Marking Time Ahead of U.S. Monthly Jobs Report

June 4, 2021

Financial markets were marking time overnight.

The dollar was virtually unchanged but at multi-week highs, with no net movement against its DXY weighted index, a dip of 0.2% versus the yen and a 0.1% uptick relative to the euro.

The price of gold was flat, while that of WTI oil had firmed merely 0.2%.

U.S. stock futures were marginally mixed. In Asia, stocks closed down 0.4% in Japan and by 0.2% in China, South Korea and Hong Kong. The German Dax is unchanged, and the British Ftse is 0.1% softer. The ten-year Treasury yield is flat at 1.62%.

Retail sales in the euro area (-3.1% in April) coughed up March’s gain of 3.3%. The monthly drop was about three times greater than forecast, but against the comatose April 2020 figures, sales shot up by a record 25.9%.

Euroland’s construction purchasing managers index edged up 0.2 points to a 15-month high of 50.3 despite a drop of 1.4 points in the German component to a 3-month low of 44.8.

Irish GDP increased 7.8% on quarter and 11.8% on year in the first quarter. In that same period, Greek GDP advanced 4.4% relative to the prior quarter but posted a fifth consecutive year-on-year drop although such was less severe at -2.3%.

On-year Taiwanese real GDP growth in 1Q 2021 was revised upward by three-quarters of a percentage point to 8.92%. GDP has risen on quarter for three straight periods.

Real household spending in Japan ticked up unexpectedly by 0.1% in April, defying expectations of a 2% decline. Household spending was 13% greater than in April 2020.

British new car registrations, a gauge of sales increased sharply last month but remained 14.7% fewer than a year earlier.

The Reserve Bank of India as expected left the repo interest rate steady at 4.0%. Its been at that level since a 40-basis point cut in May 2020 culminated 140 basis points of reduction last year. India has been slammed lately by the Covid pandemic, and officials not only defended the need for a continuing accommodative policy stance but in today’s released statement augmented planned bond purchases next quarter. They also revised downward projected GDP growth next fiscal year by a percentage point to 9.5%.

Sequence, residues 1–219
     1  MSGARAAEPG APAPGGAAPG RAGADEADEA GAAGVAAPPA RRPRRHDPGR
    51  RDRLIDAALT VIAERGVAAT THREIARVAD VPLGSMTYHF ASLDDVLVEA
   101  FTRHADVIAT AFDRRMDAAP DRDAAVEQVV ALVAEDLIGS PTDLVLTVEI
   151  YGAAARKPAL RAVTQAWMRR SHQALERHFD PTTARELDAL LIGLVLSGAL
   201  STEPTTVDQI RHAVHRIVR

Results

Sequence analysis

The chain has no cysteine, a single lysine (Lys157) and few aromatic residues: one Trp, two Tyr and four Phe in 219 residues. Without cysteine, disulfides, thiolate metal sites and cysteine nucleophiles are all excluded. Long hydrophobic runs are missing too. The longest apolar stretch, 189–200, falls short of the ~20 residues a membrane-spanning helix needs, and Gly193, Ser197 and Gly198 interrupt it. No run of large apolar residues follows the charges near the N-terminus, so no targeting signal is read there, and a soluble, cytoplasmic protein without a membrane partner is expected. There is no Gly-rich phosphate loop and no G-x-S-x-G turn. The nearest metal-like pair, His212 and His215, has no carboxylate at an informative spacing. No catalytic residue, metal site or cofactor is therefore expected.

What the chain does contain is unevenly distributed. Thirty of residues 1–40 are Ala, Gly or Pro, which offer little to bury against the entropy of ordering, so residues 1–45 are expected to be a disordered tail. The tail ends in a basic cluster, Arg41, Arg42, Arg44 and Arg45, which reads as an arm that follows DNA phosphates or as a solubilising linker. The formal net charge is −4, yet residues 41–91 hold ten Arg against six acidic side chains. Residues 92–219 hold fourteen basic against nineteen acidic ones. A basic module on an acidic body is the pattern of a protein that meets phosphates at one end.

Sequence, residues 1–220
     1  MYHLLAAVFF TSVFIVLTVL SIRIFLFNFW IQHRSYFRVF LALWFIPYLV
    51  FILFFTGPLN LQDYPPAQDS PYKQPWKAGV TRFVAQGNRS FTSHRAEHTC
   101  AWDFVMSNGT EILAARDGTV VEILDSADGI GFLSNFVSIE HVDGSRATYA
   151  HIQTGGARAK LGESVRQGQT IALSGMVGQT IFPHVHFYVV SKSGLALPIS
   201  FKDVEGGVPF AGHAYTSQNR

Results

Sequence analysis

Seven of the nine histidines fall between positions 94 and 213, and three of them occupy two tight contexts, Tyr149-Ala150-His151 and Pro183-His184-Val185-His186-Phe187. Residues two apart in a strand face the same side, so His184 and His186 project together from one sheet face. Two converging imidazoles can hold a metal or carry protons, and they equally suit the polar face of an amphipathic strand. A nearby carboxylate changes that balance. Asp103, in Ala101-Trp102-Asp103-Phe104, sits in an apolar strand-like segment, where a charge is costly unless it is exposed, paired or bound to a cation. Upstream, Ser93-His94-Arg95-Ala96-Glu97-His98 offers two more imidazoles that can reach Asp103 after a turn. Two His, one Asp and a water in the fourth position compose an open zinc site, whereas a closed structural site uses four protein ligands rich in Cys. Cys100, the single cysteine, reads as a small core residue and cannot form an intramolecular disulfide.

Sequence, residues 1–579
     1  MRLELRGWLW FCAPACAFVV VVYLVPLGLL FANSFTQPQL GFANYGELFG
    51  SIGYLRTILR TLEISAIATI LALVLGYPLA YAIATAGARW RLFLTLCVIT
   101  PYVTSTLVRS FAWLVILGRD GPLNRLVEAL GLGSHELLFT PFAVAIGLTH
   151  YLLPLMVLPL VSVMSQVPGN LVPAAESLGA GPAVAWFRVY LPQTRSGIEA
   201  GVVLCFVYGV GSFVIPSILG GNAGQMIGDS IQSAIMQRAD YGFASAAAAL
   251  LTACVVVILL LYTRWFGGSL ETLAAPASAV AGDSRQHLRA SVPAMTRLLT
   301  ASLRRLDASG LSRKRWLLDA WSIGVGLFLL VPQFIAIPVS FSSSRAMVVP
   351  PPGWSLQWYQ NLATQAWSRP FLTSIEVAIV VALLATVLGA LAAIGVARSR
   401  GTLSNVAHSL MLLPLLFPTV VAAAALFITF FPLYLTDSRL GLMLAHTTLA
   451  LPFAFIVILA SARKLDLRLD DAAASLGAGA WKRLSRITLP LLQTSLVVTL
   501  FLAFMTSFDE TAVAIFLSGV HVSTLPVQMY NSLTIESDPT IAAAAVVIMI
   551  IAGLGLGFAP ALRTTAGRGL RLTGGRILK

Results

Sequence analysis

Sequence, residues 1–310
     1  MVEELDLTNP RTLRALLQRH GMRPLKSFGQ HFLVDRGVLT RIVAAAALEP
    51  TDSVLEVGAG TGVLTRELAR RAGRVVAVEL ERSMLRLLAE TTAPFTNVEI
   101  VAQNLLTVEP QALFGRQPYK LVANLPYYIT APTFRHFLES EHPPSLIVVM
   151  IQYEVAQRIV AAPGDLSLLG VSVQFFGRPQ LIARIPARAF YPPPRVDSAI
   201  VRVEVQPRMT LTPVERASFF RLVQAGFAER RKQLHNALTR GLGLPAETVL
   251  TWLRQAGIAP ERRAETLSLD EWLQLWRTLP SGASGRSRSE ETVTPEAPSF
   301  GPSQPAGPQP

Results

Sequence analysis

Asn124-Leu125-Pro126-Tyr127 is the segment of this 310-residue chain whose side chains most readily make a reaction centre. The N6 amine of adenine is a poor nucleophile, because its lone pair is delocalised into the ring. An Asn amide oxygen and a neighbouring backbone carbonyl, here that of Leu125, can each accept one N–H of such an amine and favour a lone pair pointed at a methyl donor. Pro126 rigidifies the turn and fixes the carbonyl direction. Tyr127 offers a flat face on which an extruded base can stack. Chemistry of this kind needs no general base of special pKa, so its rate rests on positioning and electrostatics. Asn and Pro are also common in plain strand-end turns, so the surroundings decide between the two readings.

Thailand and the Philippines reported CPI data today that gave credence to the view that global inflationary forces will settle back later this year. In Thailand, inflation fell to 2.44% in May from an 8-month high of 3.71% in April. Filipino CPI inflation held steady at 4.5% for a third straight month.

U.S. jobs growth under-performed analyst expectations for a second straight month in May, rising 559K, about 100k less than predicted. Also the combined unemployment and under-employment rate remained in double-digit territory at 10.2%. On the other hand, the jobless rate fell further than predicted to 5.8%, and average hourly earnings (up by 0.5% from April and 2.0% from a year earlier) exhibited more pressure than had been assumed. The combined level of jobs growth in March and April was revised upward by 27k, but the monthly average growth in jobs of 541k in March-May is only about half as much as one would like to see. Non-farm payroll employment remains 7.5 million below the pre-pandemic level in February 2020 and about 47 million short of the trendline assuming that jobs in this century had continued to expand at the pace during the final two decades of the 20th century.

In response to the U.S. jobs data, the dollar fell about 0.3% in the ensuing half hour, the 10-year Treasury yield dipped a basis point, and U.S. stock futures moved upward moderately.

Canadian May labor market statistics disappointed. Employment fell 68K, three times more than forecast, and the combined 269k drop in April-May erases most of March’s advance. Plus, Canadian unemployment rose 0.1 percentage point to 8.2% in May on top of April’s increase of 0.6 percentage points. Wages in Canada recorded an average 1.4% decline from a year earlier in May.

Copyright 2021, Larry Greenberg. All rights reserved. No secondary distribution without express permission.

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